A documentary by Rob Stewart. Rated G.
Rob Stewart’s 2006 shark-finning documentary, Sharkwater, had the focus of a hammerhead on the hunt. His follow-up, Revolution, is an unwieldy mix of Cousteau-quality underwater photography, jaunts to tropical rain forests and tar sands, expert interviews, and trips to climate-change protests around the globe. The glue that holds it all together is affable surfer-dude Stewart.
Revolution starts undersea, showing the delicate ecosystem in all its ethereal splendour: sailfish skewering a shimmering bait ball or coral coming alive to eat zooplankton like glowing, monster-movie blobs. But it’s above the ocean, during a promotional tour for Sharkwater, that Stewart’s focus changes: a woman at a talkback in Hong Kong asks him what the point is in trying to save sharks when the UN predicts fisheries are all going to be wiped out by 2048. “This is no longer about saving the oceans,” Stewart says. “It’s about saving ourselves.”
Cue Stewart’s embracing of the climate-change movement, with trips to Alberta’s postapocalyptic tar sands, Madagascar’s starving aid-dependent towns, and countless protests. This is highly subjective filmmaking, but, driven by a haunting, atmospheric score, it moves quickly, putting the usually mind-numbing science of climate change in digestible form without sounding preachy.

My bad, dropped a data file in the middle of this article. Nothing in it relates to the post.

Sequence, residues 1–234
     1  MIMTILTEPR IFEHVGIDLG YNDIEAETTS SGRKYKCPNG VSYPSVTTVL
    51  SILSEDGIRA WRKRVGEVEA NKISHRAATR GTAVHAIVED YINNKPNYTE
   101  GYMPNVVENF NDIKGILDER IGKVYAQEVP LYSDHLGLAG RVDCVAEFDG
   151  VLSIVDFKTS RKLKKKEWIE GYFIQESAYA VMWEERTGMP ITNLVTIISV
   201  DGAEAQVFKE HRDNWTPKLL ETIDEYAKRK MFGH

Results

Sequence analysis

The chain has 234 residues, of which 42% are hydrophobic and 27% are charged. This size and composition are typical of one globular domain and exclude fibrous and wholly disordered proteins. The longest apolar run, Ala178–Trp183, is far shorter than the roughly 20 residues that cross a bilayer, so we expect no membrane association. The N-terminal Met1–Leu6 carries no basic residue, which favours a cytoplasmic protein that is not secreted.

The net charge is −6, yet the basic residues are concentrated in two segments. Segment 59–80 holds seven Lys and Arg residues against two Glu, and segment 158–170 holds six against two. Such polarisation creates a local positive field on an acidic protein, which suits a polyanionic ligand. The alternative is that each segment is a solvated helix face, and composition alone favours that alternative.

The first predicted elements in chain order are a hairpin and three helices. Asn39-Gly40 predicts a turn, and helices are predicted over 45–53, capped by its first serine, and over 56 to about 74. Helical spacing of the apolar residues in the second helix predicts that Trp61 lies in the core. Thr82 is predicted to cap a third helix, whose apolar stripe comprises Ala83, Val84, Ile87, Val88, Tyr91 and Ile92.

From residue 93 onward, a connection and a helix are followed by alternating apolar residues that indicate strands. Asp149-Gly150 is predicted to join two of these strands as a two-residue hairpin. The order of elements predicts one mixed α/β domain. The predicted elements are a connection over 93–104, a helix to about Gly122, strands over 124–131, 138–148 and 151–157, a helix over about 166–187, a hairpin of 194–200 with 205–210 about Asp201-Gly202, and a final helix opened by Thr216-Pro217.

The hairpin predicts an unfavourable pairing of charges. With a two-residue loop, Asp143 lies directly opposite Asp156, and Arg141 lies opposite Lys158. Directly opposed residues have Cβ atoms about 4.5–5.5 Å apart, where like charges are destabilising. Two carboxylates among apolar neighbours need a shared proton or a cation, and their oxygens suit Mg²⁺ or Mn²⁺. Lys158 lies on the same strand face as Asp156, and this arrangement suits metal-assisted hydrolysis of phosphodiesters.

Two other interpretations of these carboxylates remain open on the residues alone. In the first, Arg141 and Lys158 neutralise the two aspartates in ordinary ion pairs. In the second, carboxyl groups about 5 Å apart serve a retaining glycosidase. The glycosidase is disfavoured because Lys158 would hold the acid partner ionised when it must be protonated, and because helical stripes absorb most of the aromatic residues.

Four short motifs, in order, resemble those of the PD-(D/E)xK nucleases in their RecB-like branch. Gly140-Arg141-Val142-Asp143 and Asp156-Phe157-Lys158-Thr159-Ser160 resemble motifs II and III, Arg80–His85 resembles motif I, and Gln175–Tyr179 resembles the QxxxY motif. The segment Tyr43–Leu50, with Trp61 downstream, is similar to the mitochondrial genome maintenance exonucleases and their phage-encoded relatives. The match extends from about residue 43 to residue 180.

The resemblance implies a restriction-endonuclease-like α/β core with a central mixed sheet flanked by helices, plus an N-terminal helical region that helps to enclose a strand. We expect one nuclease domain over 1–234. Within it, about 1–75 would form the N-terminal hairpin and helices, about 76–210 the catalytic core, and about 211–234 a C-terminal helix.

Revolution’s big problem is that it ends up so far away from where it started; by the end, it has switched from spectacular undersea voyage to earnest, there-is-hope-in-“the youth” activism. Stewart is so damn persuasive that you want to believe him when he starts showing the critical mass rising against global warming. But in the last minutes of the documentary, around the time poster slogans like “Get educated” and “Listen to youth” start flashing on-screen, the more jaded will think back to the utter frustration of scientists and veteran activists who appear earlier in the film. As one puts it: “What does it take? If it was reason, we would have done it by now.”